The goal is to rotate and distribute food items according to their actual remaining shelf life. ?Right now, all we have to go by is the date stamped on the side of the case when it was packed,? says Chief Warrant Officer Stephen Moody, team leader, Advanced Processes and Packaging Team, Natick Soldier Center, Combat Feeding Directorate.
?But a product that was packed this month and subjected to very high temperatures might have less shelf life remaining on it than one that was packed last year and kept refrigerated,? he explains.
When stationed in the Persian Gulf, Moody once checked the temperature of a container and discovered ?it was 155° F. on the roof of that container, and it had only been sitting in port for three days.? Food quality degrades quickly under such circumstances, interfering with the important mission of keeping soldiers nourished, physically and psychologically.
?Food has an intangible morale factor to it,? Moody says. ?People get together in a social setting, and it makes them feel better about where they are.? F&DP
Kate Bertrand is a freelance writer in San Francisco, Calif., who specializes in packaging, business and technology. Contact her at firstname.lastname@example.org.
For more information
The following companies contributed to the research of this article:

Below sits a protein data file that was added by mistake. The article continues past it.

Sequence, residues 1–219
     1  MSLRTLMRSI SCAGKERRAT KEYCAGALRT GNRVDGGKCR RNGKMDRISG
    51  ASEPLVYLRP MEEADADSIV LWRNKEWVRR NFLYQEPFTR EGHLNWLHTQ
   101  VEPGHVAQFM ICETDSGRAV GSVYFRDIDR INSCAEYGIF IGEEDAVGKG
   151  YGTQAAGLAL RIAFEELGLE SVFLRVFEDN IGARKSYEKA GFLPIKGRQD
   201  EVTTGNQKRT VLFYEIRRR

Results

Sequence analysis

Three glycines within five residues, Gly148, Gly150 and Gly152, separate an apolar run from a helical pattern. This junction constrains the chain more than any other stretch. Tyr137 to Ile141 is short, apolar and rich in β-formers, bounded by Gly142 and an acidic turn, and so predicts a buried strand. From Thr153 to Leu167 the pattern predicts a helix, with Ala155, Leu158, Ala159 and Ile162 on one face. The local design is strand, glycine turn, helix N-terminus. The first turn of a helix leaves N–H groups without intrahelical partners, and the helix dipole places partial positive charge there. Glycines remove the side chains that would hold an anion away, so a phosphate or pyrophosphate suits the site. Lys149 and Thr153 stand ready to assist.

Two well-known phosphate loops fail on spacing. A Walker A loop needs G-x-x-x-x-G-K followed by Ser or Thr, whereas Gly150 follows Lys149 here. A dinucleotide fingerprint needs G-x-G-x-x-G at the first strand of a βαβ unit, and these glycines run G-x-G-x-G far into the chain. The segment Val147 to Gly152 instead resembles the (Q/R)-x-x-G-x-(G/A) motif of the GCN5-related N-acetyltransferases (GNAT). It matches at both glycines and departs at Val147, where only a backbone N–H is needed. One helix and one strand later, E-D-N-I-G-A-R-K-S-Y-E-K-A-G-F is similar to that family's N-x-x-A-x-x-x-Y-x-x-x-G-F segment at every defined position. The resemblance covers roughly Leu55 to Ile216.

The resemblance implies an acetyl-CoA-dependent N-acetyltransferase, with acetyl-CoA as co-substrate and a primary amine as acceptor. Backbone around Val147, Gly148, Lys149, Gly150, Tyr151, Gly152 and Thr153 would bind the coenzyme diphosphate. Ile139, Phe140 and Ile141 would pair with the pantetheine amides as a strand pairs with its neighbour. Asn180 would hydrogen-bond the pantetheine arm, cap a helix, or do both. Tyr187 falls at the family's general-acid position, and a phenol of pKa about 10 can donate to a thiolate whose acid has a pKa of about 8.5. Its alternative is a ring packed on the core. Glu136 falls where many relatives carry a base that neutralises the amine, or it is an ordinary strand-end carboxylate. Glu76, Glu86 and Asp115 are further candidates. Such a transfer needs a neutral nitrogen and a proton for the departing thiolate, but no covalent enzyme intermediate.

781-890-1338, ext. 222; http://www.infoscitex.com/
NuCare Pharmaceuticals Inc.
ScentSational Technologies LLC
Plant ? At-a-glance
Location: Plainfield, Ill.
Size: 400,000 sq. ft.
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Products: Smirnoff, Smirnoff Twist, Smirnoff Signatures, Smirnoff Ice, Smirnoff Black Ice
AmeriQual wins battle against downtime
For packagers that supply the military with food and other products, meeting strict requirements on package structures and materials can sometimes cause operational headaches. Military contractor AmeriQual Group faced a significant challenge packing MREs into shippers because the mil-spec cases were too robust for the company?s case erector equipment.
The specified cases are made from V2s, triple-wall fiberboard. This board, which incorporates three solid sheets laminated to four flat facings, is the thickest fiberboard on the market. In fact, V2s features the highest burst strength of all board grades used by the military; cases made of V2s can survive a drop from a helicopter.